Monday, December 16, 2013

A bad view.

I have just been relocated in my office, moving to yet another former-sweatshop space on one of New York's grungiest blocks. My view is of an active sweatshop, including a belching pipe that on these cold days is filling the narrow alleyway with steam.
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Not long ago, the building I'm now in upgraded their elevators. That is, primarily, they put small video screens in them so you can be assaulted with more empty ads and more useless factoids. Today, for instance, I learned that 28% of people use their smart phones to plan their vacations from work. I also learned that one hockey team I've never heard of beat another hockey team I've never heard of, 4-3. It must have been quite a game.

It seems to me that the video screens in my building's elevators are like so much today. A constant stream of noxious nonsense. There is no place, I suppose, we can go to escape the crap. It's free and everywhere. Once, early in the morning, I was waiting in an airport waiting area. A huge flatscreen near me blared what passes for the news. Banalities, sophistry, gossip and laughter. I went over to the monitor--which cannot be shut off and, at least, tried to turn down the volume. You would have thought I turned into some sort of terrorist.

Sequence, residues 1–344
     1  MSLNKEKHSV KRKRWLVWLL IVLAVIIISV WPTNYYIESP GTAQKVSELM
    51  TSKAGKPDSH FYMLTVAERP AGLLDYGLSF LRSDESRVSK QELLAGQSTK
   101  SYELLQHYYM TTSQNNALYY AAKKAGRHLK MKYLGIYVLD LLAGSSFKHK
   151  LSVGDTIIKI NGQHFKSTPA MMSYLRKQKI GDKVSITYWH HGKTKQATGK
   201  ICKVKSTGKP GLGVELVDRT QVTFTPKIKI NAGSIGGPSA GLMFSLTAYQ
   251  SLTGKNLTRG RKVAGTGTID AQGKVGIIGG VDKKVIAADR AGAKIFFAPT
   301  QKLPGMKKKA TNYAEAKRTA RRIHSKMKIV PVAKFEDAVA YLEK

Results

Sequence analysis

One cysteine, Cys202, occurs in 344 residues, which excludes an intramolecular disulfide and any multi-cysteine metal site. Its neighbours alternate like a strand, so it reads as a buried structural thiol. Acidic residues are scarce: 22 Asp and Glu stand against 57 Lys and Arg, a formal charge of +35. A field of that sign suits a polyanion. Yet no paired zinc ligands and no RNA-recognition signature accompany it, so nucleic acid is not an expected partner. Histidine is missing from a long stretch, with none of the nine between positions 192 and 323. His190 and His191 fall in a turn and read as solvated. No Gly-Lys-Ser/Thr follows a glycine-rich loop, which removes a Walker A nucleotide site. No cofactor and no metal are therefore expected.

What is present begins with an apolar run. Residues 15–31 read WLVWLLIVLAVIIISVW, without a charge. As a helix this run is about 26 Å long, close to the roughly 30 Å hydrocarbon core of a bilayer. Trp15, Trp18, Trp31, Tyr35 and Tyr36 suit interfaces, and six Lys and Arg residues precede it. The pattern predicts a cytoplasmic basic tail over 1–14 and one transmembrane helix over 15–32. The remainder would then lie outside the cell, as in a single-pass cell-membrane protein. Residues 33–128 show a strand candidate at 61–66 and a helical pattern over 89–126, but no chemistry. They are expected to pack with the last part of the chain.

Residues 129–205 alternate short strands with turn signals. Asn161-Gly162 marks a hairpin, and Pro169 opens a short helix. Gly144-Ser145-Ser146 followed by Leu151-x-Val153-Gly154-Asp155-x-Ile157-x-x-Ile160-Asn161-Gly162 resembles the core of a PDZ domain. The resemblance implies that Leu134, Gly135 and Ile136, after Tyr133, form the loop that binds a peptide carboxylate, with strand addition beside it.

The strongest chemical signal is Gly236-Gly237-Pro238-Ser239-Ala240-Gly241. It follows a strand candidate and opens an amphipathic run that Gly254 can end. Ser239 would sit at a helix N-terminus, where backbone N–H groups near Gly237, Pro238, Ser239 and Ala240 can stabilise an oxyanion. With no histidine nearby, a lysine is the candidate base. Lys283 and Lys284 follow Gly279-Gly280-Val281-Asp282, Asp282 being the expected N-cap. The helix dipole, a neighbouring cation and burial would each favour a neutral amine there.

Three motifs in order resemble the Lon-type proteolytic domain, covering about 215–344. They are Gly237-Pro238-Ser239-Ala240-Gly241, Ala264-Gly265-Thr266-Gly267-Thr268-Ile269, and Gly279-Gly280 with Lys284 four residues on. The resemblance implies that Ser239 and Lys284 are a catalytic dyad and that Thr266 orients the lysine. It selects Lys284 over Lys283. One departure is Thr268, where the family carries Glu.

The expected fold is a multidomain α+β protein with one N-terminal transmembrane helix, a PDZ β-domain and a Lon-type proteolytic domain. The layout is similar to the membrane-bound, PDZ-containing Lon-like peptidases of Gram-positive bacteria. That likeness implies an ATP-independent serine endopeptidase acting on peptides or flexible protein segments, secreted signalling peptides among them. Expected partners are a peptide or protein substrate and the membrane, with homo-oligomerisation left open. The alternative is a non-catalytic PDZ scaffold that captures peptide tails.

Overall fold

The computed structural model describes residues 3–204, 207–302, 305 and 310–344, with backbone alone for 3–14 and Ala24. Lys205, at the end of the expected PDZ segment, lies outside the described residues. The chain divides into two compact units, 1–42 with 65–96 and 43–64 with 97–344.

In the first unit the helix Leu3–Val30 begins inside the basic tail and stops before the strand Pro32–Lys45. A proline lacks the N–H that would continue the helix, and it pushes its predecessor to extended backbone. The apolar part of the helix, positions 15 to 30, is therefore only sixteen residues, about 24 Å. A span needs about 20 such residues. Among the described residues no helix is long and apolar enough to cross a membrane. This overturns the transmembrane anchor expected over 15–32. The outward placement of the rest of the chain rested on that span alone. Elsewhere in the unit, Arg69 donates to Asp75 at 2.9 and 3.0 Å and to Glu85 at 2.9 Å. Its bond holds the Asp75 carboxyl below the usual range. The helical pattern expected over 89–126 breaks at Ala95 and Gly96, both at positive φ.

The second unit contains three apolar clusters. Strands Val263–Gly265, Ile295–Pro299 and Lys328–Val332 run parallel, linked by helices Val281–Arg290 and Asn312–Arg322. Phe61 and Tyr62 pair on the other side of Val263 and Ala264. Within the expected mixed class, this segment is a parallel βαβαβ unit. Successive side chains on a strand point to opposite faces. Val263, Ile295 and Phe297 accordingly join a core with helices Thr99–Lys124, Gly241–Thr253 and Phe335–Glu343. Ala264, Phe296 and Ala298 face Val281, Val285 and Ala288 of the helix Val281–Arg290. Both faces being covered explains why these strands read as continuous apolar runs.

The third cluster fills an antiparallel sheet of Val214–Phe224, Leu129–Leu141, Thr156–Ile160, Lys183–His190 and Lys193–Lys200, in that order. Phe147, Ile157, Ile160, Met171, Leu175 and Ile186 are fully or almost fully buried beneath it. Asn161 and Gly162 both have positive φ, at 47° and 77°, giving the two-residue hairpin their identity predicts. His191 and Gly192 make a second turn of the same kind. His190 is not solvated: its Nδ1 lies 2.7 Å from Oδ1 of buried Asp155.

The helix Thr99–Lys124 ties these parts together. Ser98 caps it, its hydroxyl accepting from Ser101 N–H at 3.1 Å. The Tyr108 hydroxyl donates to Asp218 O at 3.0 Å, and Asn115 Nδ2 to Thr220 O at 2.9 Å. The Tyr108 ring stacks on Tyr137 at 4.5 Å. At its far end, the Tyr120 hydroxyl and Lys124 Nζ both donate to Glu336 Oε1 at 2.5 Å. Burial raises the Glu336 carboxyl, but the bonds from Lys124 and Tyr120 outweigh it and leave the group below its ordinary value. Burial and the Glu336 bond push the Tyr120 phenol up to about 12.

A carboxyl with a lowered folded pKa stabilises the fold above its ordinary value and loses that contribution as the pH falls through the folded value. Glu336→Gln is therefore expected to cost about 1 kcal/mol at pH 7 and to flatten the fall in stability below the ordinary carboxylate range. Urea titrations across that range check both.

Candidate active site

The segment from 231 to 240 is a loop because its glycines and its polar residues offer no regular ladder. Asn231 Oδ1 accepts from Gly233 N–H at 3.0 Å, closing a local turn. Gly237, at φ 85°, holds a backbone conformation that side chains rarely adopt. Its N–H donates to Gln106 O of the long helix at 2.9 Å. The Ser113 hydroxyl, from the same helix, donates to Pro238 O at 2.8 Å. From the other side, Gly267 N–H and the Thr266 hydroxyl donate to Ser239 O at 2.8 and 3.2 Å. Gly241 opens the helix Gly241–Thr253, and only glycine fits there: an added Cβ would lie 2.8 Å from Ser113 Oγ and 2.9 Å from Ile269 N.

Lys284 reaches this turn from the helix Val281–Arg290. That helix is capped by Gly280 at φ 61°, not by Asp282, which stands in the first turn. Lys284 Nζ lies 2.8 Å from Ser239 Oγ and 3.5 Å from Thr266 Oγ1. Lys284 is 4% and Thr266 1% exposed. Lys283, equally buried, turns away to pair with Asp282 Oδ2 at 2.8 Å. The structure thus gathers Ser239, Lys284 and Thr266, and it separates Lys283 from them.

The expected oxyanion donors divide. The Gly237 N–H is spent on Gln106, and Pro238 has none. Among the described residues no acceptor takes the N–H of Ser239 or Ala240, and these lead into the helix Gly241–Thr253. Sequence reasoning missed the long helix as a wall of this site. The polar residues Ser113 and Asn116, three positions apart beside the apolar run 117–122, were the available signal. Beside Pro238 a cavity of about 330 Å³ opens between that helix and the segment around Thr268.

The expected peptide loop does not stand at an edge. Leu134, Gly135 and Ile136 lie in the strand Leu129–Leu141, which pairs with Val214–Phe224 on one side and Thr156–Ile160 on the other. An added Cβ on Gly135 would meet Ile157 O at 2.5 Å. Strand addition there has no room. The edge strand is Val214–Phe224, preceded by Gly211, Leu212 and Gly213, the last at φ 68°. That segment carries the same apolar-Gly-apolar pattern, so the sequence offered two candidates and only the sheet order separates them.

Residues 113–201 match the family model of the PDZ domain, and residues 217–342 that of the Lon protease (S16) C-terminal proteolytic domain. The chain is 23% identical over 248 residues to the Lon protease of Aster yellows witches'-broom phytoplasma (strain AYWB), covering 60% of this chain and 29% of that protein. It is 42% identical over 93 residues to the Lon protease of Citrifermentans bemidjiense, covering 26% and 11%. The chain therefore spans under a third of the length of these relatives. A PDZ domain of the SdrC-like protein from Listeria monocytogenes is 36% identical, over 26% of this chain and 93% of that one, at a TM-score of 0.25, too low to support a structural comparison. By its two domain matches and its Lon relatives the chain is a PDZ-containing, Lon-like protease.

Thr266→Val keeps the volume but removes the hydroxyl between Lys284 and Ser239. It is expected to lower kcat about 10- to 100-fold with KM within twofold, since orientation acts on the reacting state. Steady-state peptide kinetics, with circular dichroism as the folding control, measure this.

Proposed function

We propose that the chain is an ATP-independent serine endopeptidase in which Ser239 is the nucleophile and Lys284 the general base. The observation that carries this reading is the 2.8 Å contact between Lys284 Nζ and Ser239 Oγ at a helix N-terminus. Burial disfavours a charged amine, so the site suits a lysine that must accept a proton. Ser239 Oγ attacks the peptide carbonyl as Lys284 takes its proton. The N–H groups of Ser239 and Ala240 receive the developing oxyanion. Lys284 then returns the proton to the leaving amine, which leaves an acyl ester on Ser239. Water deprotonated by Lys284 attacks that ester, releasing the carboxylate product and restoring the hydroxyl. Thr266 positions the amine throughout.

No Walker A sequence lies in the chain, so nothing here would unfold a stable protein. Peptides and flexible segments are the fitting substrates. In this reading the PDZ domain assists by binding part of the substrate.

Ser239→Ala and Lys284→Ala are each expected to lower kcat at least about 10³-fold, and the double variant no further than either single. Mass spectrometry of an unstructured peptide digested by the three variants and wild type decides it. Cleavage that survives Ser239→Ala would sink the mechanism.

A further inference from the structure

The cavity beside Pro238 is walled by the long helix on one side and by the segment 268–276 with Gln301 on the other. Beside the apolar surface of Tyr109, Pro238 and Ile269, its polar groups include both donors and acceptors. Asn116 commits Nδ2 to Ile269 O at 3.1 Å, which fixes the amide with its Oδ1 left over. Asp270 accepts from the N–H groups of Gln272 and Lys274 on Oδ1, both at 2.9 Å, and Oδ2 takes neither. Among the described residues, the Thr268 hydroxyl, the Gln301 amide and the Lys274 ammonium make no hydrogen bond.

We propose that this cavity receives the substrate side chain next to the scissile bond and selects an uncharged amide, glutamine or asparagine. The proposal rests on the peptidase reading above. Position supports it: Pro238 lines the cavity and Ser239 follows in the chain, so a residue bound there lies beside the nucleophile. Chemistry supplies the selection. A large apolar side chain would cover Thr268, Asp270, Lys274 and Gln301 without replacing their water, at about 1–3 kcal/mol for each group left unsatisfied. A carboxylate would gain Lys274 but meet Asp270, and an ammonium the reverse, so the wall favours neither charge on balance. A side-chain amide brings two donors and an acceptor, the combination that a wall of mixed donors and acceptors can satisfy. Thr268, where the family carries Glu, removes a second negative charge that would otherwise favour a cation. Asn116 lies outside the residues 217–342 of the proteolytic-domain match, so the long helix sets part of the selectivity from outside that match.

"The noise is bothering me," I said to the airline official who stopped me.

"You're not allowed to lower the volume."

"But the noise is bothering me."

"You're not allowed to lower the volume."

I realized this could go around as often as the rickety carousel designed to lose my luggage and walked instead to an Auntie Annie's to get a 2,000 calorie bacon-filled pretzel.

My point is about assault. It's all over. The onslaught of dumbness packaged like a beautiful cupcake. It looks frosty and tasty. But one bite and you realize your teeth will rot.

This is the great content machine that we are feeding. The social strategists, whatever they are, whatever their qualifications, learnings, feedback and data analysis say, have chapter and verse reasons why asking people on Facebook if they'd rather have a margarita or a massage is good for brands.

I just don't believe it.

I suppose in Theodore Roosevelt's or John Muir's original vision for parkland, they thought it would be beneficial to have some territory, some preserve, some reservation against the encroachments of modernity. Now, National Parks, of course, allow snow-mobiles, guns, drilling for oil, chopping for trees.

I think we need National Parks for our heads. Small backwaters that don't allow the Insipid States of America in. We need to resist the dumbness.

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